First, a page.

I said "Look! It worked pretty well last time, so why don't you just go into town and run some errands and come back? We seem to do better when you're not around insulting us." With that he left in a huff, got the dog, jump-started his van off the spare battery he kept in the passenger seat, and drove off.
Ron said "I need a drink!" and we both laughed. We spent the next hour recording, and when our client returned we once again had his track completed. He entered studio Just as we were laying down the whistling solo part. Ron had called up the perfect sample and I ran it through some vintage reverbs and delays until it sounded eerily close to the original. Even BOD was impressed! (For ONCE). When he left he seemed satisfied and even set up another session. After he was gone, we collapsed in chairs and recounted the past few hours. We agreed this was really not worth the trouble. As badly as we both needed some ca$h, this session was simply the most bizarre job either one of us had encountered. And between the two of us we've seen a LOT of session work.
Ron left for a week to go do a recording job in New Mexico, and while he was away his cell phone continuously rang. It was BOD, trying to get through to Ron. He had also called me asking for another number for Ron but I told him there wasn't one. He told me he needed to talk to Ron and "fill him in" on what would be our next session. Ron frankly did not want to interrupt his work in New Mexico by dealing with whatever was so important. There wouldn't be anything he could do about it anyway, so he elected not to answer his phone until he returned to Arkansas.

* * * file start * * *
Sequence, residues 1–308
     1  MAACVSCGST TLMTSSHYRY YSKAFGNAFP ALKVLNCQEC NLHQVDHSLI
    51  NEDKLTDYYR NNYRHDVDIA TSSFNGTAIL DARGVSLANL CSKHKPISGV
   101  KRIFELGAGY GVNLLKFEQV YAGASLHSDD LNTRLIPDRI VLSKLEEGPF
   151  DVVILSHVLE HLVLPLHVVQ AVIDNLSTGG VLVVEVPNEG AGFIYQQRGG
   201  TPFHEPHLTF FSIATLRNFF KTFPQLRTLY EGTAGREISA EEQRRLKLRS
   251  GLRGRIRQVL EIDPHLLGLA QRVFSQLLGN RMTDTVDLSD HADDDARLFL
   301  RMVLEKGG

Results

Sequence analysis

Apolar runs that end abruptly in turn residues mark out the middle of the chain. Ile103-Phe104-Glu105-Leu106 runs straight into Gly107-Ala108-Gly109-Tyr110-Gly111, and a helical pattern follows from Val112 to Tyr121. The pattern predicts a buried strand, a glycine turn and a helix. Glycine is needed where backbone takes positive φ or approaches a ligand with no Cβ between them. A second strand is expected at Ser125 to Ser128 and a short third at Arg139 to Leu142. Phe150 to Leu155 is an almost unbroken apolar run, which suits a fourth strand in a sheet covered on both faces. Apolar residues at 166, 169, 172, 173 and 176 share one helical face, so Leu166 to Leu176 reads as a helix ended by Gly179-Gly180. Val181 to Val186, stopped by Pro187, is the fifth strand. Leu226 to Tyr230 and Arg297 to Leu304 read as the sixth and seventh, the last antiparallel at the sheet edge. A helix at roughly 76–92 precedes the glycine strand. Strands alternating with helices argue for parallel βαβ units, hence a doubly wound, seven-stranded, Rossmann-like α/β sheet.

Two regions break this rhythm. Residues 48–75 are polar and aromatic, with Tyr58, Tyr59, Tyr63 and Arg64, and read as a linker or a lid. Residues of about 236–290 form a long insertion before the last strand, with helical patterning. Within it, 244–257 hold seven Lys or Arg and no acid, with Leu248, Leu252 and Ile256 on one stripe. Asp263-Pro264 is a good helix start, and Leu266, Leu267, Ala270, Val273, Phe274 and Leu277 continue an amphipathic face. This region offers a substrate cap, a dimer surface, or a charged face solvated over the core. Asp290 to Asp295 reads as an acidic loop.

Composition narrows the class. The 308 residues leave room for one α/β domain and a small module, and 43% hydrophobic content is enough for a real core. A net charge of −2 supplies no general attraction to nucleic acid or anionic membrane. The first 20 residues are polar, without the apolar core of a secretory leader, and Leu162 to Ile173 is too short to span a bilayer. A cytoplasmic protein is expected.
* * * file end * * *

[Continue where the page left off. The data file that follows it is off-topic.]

The day Ron got back home, he answered the very next call from BOD. He was curtly informed to "return the box of materials I gave you" to the studio. Ron showed up with a smile and a box and said "I guess I'm fired". We both laughed. Our client had finally provided us with a way out. I told him I could not do his session with out Ron and that was it. He had finally cut off his nose to spite his face. Thank God.
Oh... by the way... the reel to rell wasn't fixed, but he DID repair the Kat pad.....